Categories
Game Design Game Development Geek / Technical

Freshly Squeezed Progress Report – UI, Tracking, and Designing

In last week’s report I not only finished all of the tasks for the sprint but also got a complete game loop that I could playtest.

So for the last week, I’ve been building upon that foundation.

Sprint 11: create an economy

Completed:

  • Only allow crafting when parts available
  • Show toys shipped indicator
  • Create game over screen

Not completed:

  • Create cost to hire worker

The core loop of hiring workers who can separate Bad Toys into parts automatically and of commanding workers to put together Good Toys from those parts is done, but there was nothing that actually connected the concept of a parts inventory to the crafting of toys.

So I made sure that toys can only be crafted when parts are available. If they aren’t available, the buttons are darkened.

Here’s the original “just get something working” worker menu:

Toy Factory Fixer - Old worker menu

And here’s the updated one. I added formulas, and I moved the inventory closer so that you could compare what you need to what you have more easily:

Toy Factory Fixer - Updated worker menu

Similarly, I wanted to add something to indicate to the player how much progress has been made in terms of shipping toys:

Toy Factory Fixer - Toys Shipped Progress

It’s funny how a small UI element like this one can result in a bit of work under the hood to support.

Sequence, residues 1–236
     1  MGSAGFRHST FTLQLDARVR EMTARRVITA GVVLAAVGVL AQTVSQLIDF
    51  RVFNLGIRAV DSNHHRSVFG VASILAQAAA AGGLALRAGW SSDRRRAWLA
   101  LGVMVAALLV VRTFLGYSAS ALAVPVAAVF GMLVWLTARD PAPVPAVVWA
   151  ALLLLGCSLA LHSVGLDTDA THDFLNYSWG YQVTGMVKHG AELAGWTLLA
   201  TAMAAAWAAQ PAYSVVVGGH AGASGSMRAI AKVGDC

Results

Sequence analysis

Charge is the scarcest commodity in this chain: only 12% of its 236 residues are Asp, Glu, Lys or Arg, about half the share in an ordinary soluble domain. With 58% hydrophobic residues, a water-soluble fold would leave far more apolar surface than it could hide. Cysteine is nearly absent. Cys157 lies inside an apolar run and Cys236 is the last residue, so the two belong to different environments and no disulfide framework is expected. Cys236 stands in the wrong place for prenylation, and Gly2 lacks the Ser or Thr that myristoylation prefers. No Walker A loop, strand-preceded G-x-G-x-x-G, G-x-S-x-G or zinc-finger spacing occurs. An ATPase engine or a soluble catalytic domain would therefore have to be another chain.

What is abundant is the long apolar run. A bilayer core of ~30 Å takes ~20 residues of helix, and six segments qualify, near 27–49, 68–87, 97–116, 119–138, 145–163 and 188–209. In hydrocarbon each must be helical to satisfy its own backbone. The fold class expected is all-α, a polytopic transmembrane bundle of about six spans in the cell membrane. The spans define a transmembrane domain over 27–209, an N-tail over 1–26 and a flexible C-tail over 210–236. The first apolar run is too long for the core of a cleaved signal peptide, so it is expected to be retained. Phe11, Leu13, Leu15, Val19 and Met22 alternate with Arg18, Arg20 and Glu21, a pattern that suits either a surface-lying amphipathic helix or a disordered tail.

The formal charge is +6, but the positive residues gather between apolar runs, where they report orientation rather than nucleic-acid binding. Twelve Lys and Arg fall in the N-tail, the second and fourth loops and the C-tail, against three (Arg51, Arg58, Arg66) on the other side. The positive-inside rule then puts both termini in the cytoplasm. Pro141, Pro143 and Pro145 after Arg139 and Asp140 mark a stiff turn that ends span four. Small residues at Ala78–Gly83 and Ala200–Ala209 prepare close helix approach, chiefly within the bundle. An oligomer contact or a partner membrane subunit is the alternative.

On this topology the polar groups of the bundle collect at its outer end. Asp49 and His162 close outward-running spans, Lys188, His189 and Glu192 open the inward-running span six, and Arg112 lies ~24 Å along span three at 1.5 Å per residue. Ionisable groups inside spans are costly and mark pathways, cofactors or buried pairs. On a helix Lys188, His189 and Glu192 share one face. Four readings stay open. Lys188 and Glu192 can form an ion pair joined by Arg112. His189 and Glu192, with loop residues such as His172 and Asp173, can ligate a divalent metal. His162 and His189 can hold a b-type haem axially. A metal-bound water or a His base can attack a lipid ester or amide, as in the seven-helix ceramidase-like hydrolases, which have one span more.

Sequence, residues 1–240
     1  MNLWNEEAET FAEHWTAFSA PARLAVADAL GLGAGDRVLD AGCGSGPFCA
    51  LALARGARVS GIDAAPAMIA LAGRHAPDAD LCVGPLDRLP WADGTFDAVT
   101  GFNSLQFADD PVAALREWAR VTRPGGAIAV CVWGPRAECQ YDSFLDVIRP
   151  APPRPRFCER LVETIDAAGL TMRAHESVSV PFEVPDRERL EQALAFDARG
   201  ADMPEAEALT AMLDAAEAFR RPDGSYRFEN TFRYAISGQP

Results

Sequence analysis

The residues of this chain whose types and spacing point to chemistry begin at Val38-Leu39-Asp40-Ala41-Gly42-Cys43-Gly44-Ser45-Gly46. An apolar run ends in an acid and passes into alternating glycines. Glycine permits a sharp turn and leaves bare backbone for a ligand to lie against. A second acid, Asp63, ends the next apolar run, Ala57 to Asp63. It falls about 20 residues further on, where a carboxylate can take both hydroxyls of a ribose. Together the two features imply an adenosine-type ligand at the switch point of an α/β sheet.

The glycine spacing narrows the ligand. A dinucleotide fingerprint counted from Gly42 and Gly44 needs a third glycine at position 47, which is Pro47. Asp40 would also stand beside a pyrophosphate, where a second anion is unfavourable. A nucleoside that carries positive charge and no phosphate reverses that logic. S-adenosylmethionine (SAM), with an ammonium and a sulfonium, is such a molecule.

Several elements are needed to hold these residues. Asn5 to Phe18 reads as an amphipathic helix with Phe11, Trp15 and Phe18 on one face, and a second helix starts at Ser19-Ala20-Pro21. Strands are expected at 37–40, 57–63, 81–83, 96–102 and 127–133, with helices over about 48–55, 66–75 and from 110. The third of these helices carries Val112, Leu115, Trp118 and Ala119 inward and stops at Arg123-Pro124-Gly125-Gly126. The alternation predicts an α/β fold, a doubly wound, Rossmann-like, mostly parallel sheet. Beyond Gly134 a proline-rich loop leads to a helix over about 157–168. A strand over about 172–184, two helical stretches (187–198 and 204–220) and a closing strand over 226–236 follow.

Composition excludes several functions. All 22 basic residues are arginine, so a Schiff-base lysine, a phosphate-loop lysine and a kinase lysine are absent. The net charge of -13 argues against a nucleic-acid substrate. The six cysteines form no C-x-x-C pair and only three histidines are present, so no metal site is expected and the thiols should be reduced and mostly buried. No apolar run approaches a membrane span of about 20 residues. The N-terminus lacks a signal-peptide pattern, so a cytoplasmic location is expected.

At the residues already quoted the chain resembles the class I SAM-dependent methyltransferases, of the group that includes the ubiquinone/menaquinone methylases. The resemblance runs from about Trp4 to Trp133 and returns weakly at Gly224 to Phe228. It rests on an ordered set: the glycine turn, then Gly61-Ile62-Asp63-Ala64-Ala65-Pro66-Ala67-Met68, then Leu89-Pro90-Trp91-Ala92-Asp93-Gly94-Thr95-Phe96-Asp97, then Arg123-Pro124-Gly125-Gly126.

Lastly, I updated the game over screen so that it showed some statistics about toys you shipped. The game used to end immediately upon shipping a Bad Toy, but now I want to allow the game to end when all toys are shipped. Currently, the “YOU WIN” or “YOU LOSE” text appears based on whether any Bad Toys have shipped, but I think if I am going to allow you to ship all toys then there should be some other win/loss criteria.

Toy Factory Fixer - Game Over screen

I’m thinking that you can earn money for each Good Toy shipped, so you can lose but have more money for your next try. Maybe.

Speaking of money, the one thing I didn’t get to was adding the concept of money to the game and requiring it to hire workers.

I need to remember that there is a difference between implementing something that functions and tweaking to get the balance right. I probably could have gotten the last task done if I wasn’t also worried about how to make it enjoyable right off the bat.

In this case, I could have added currency to the game, then made it cost some of your money to hire a worker. Only then should I worry about how much money to start the player out with and how much it should cost to hire a worker. And in fact, I might not even need to start worrying about it until I have more of the components of the economy implemented.

Besides worrying about balance prematurely, I was addressing some quirks I was discovering as I played the game. Due to the way the turns get resolved simultaneously, I found it was possible for two workers to place a toy on the same section of conveyor belt. Since the current implementation expects only one toy on a belt tile at a time, this is a bug that needs to be addressed.

But I am also spending time thinking about the various ways I could explore the game design space. and one of them was making it possible to have more than one toy on a belt tile. My thinking is that the dispenser can spit out more than one toy at a time in order to allow flexibility in the flow of toys to make the player deal with, but it would mean that the above bug wouldn’t be a bug anymore.